Google and its search engine pals are always trying to make life easier for users. That’s great when you’re looking for information, but annoying when you’re on the marketing and SEO side of things. Not only are you trying to get your content to rank as high in SERPs and you can for the right intent. Now you also have to contend with featured snippets and other “Google-sourced” content in position zero. One of these is a Google Business Profile, but you can use this feature to your advantage.
Google Business Profiles are your own free slice of Google real estate for your brand. You control the information that appears when people search for your business name online, like contact information, map locations, and web links. Unlike other types of position zero content, any business can add or claim their business profiles and optimize them. But here’s where it gets tricky. To add or claim your business profile, you must have an in-person contact with an address and a way to converse with customers during business hours.
Now, if your company is online-only, don’t let that stop you from creating a business profile. Use a home address, rented office space, or another in-person map location with ties to your company. This works as long as you have some kind of regular business hours where people can contact your organization. Another issue is what if there’s another brand out there, especially in your nearby geographic location, that has a similar name as yours? How does that affect your Google Business Profile and targeting navigational search intent with your content? For that, we turn to branding.
Related: How To Claim Your Business on Google (And Why It Matters)
Branding your business is critical for doing navigational search intent right. One of our client partners, Greg Gifford from SearchLab, gave a great example in our recent Search Intent Webinar:
“I’m a product expert on the Google My Business Forum, and I answered a question th e other day where somebody said ‘hey, look, I set up my Google Business Profile, and whenever you search for me it shows this other business that’s not me, that’s not even related to what I do. And it shows that the business is closed, so we’re losing business because of it.'”
Can you spot the problem yet? Here’s what happened:
“The problem turned out to be it was a newer business that’s only been around for three or four months. And for some not intelligent reason, the new company chose a business name that’s literally exactly the same as this other business that was closed, that was in the same town… And because it’s so new, Google doesn’t understand the intent of what people are looking for. Google thinks the navigational intent for people searching the name of the business is looking for that old established business that had been around for years that now, due to COVID, ended up closing.”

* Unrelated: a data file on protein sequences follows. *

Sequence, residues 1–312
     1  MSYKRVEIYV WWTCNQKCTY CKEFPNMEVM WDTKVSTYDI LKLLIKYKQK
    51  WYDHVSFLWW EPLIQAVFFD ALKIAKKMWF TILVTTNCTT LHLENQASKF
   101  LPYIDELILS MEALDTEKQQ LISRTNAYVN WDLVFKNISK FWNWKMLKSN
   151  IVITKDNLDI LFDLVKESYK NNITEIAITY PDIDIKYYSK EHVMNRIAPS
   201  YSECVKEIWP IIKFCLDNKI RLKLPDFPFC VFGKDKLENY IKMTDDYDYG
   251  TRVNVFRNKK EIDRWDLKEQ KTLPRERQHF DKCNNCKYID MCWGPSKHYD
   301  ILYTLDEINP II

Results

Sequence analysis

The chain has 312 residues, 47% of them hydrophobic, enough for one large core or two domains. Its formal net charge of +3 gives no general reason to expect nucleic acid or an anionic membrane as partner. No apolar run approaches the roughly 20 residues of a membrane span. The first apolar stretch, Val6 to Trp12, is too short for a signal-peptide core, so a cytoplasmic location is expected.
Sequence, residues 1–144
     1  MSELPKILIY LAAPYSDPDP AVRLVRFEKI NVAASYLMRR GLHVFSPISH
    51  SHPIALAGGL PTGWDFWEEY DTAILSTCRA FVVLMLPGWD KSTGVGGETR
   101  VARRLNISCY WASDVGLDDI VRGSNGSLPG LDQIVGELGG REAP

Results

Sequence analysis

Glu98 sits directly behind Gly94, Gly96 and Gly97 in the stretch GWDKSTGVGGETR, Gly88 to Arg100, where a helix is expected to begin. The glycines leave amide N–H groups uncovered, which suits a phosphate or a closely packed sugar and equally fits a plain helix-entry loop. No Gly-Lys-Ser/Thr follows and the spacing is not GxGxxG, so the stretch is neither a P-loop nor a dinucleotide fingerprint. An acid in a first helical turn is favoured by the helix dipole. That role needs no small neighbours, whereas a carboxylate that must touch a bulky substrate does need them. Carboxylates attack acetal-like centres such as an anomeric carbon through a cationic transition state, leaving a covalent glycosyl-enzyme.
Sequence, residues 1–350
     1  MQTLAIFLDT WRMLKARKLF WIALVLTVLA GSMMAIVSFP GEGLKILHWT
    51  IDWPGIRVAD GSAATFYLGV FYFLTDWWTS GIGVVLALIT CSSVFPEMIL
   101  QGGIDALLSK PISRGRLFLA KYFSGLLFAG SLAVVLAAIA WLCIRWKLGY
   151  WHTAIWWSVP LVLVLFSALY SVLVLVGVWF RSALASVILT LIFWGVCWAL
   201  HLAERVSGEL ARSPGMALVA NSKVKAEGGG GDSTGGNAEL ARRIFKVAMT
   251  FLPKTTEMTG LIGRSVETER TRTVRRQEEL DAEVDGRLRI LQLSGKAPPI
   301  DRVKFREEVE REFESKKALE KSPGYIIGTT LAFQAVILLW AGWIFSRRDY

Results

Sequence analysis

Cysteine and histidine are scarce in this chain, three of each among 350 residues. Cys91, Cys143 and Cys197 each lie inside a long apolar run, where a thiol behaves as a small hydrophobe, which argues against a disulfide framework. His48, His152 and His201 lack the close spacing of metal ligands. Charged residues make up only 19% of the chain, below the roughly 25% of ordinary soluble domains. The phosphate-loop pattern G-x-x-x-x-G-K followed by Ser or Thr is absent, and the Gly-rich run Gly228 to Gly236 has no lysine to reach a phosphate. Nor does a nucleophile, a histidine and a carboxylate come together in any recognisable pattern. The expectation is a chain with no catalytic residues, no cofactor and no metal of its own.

Gifford’s solution to the customer was our solution to you: when naming and branding your business, you have to be smart and specific about it. Whether you’re a new company starting out or you’re established and working on a rebrand, you have to be really intentional about everything you’re doing. It’s hard for Google to figure out what intent is with business names where there are tons of companies that share similar ones. So what’s going to get yours to rise to the top?
This is easier for new businesses. You can start with navigational intent in mind. Think from the perspective of how can navigational intent factor into my naming and branding process. Researching companies in your industry and immediate geographic location is a good start.
For example, if someone wanted to start a content agency called BrandPoint Media, they could do a quick search and see what comes up. There are already two related companies with that name that pay for ad space on Google, one of which has a Google Business Profile that appears in position zero. That’s not the best name choice when targeting navigational intent because these companies already exist.
Related: FAQ: What Is a B2B Brand Identity and Why Does It Matter?
Navigational intent is only one option to target, and your best bet is to reach all four. CopyPress creates content for your branding, but also pieces that help you target commercial, informational, and transactional search intent. With the help of our proprietary tool, Thematical, we help back up your content topics with data that shows what your target audience is really searching for online. Start your first strategy call with or team today to see how CopyPress helps you tackle search intent and SEO to get to the heart of what your customers need and want from your business.